|The Complete Asian Cookbook|
|Publisher: Hardie Grant Books, Country: AU|
|ISBN: 9781742701448, Year: 2011|
|Link to publisher’s page or site|
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|This review is the personal opinion of the reviewer.|
Charmaine Solomon, well known to Australians from her books and newspaper and magazine columns, became an international success with the original publication of ‘The Complete Asian Cookbook’ in 1976. Since then her name has been synonymous with the flavours of the East. The revised version of this ground breaking book is a must for anyone interested in the food of this region – either to cook from or simply to refer to – that is of course if they don’t already have the original.
‘The Complete Asian Cookbook’ is dedicated to Mrs Solomon’s husband, Reuben, ‘who married me before I learned to cook’. Born in Sri Lanka she came to Australia with her husband in 1959 knowing almost nothing about cooking and claims to have taught herself to cook in part to calm her fears about living in a strange place. After entering a cookery contest she was invited to join Women’s Day magazine where she first began to introduce new flavours and ideas to an Australian audience. Since then she has published thirty-odd books (‘The Complete Asian Cookbook’ has been translated into four languages) and won numerous awards.
When ‘The Complete Asian Cookbook’ was first published in 1976 more and more of her Australian readers were travelling overseas and wanting to recreate some of their culinary discoveries when they returned home. My own copy of the 1976 edition is well worn. First used as a reference to explain the new dishes we were eating in restaurants and experimenting with on our travels it quickly became the only resource needed to produce authentic roghan josh and rendang and I would think the inspiration for almost all the tomato kausundi that has been sold at school fetes for the last thirty years. This was the book to go to to find out how to produce an authentic tasting barbecue style roast duck (pei par ngap) or how to make a decent phở and these are the recipes I am still using today. It is also sobering to think of the amount of research which went in to amassing such a range of recipes from so many different countries. Proof of Mrs Solomon’s original thorough research: there are few changes in the new edition other than the inclusion of some new recipes and a bit of updating to allow for the greater availability of raw materials. Looking back at the original version it is also to her great credit that the author didn’t try to overly Westernise or substitute for authentic ingredients. It is hard to imagine now the lengths which we had to go to track down even coriander and fish sauce in the days before supermarket shelves groaned with curry pastes and laksa spice mixes and the current plethora of sauces, condiments and frozen and canned goodies.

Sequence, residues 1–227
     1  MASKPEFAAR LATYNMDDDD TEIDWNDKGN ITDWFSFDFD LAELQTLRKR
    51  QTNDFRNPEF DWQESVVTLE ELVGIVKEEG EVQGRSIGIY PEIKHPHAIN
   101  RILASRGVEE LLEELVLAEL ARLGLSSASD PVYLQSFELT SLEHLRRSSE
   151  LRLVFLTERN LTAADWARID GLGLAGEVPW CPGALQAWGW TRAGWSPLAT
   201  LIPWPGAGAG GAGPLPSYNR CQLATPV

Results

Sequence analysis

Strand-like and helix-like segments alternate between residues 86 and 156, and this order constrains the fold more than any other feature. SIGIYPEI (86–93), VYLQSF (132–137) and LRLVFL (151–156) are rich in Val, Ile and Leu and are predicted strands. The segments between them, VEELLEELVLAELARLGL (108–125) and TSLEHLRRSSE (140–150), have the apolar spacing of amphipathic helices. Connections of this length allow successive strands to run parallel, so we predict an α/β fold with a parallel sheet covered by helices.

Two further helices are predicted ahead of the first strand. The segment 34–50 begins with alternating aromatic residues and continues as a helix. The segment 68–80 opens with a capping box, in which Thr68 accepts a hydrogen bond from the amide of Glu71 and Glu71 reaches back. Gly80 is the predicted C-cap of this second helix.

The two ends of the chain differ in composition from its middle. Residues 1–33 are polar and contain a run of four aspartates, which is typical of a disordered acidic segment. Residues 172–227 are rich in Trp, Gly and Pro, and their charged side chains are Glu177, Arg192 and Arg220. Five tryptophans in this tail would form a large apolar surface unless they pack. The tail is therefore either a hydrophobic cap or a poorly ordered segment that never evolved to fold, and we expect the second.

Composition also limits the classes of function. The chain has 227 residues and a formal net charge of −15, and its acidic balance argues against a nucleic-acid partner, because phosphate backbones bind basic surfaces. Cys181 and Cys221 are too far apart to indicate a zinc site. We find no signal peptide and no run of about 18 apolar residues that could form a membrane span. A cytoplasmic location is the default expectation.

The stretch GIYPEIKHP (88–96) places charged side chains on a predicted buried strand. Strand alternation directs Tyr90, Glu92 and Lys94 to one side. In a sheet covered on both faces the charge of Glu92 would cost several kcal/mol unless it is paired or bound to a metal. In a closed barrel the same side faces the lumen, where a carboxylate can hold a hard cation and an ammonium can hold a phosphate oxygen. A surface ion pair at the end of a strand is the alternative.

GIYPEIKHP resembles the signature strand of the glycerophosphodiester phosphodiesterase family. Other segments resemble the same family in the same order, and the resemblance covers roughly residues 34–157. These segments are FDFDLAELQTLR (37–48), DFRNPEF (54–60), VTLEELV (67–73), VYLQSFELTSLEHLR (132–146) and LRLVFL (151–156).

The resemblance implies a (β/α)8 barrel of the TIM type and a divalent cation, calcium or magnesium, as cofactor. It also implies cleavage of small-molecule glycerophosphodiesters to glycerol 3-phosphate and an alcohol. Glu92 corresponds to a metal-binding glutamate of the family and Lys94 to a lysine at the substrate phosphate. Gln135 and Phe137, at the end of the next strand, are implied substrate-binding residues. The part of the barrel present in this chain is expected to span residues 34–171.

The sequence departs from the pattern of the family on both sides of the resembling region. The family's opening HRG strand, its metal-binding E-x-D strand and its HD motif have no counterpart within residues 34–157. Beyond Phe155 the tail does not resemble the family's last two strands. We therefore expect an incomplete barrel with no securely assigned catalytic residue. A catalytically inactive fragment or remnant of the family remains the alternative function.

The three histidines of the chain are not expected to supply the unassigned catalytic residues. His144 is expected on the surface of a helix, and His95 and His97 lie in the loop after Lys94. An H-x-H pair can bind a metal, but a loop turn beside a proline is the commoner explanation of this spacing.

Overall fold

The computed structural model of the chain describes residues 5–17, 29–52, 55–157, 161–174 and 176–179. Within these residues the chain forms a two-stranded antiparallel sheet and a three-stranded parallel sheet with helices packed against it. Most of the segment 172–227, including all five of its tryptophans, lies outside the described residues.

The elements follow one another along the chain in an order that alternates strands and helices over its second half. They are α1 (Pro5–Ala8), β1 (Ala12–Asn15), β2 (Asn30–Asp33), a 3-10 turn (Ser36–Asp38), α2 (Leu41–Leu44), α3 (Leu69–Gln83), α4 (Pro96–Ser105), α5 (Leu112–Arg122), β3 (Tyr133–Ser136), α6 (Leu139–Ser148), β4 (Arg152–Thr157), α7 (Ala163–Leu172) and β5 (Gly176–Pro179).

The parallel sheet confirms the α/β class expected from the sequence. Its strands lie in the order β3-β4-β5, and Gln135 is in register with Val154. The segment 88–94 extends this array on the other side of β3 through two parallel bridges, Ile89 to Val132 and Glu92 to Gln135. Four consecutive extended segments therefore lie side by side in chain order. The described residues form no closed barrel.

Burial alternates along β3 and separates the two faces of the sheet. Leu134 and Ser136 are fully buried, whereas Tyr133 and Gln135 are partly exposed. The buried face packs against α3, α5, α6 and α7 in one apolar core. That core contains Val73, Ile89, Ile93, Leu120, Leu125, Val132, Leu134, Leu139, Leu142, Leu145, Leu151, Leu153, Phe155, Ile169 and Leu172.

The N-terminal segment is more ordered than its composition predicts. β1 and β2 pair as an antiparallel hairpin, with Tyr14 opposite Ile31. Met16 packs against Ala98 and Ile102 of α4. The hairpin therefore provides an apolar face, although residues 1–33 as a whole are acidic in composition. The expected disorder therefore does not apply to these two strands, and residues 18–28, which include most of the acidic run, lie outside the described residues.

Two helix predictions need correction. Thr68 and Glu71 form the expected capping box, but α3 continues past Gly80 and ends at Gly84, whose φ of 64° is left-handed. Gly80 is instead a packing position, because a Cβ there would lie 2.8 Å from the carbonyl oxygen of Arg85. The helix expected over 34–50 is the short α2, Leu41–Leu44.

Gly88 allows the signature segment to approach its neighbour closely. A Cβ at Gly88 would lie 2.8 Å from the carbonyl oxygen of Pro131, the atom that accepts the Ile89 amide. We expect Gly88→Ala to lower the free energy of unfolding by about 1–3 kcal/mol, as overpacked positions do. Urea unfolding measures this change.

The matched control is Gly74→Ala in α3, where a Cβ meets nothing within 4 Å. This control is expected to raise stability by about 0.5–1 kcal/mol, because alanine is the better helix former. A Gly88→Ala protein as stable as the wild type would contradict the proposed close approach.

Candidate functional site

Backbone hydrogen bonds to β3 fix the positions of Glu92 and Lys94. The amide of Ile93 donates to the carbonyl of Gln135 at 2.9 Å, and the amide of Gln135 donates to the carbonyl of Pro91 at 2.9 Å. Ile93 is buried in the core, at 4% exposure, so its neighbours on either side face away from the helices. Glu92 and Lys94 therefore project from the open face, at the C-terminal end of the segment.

Although completely ‘revised and updated’ the new edition retains all the important features of the original. There are fourteen chapters covering the food of India and Pakistan, Sri Lanka, Indonesia, Malaysia, Singapore, Burma, Thailand, Cambodia and Laos, Vietnam, The Philippines, China, Korea and Japan. The introduction covers essentials such as using a wok, how to make your own coconut milk, how to joint a chicken and the finer points of cooking rice. Each subsequent chapter begins with information on preparing, eating and serving a meal as well as notes on utensils and an introduction to the ingredients specific to that cuisine. All the recipes are clearly set out with a separate ingredient list and logical directions. Because she taught herself to cook and understands the importance of a reliable cookbook, Mrs Solomon was always mindful that her recipes should be foolproof and her instructions easy to follow. Her practical experience allows her to speak with an authority which is in large part the key to her success. All her recipes have been tested many times, and for this new edition tested again. And finally there is a comprehensive glossary covering pretty much everything from ‘aburage’, through ‘kewa essence’ to ‘wood fungus’ and yoghurt.
The revision also runs to beautiful artwork on every page and much more appetising photography than in my original version, to the extent that I would be loath to get my new book quite as bespattered and besmirched as the old one.
Anyone interested in cooking should have this book in their collection. This stylish new edition in particular is a fitting testament to Mrs Solomon’s scholarship and the influence she has had both in Australia and internationally over the last thirty-six years.
|: 5. Highly recommended
: Likely to be strongly appreciated
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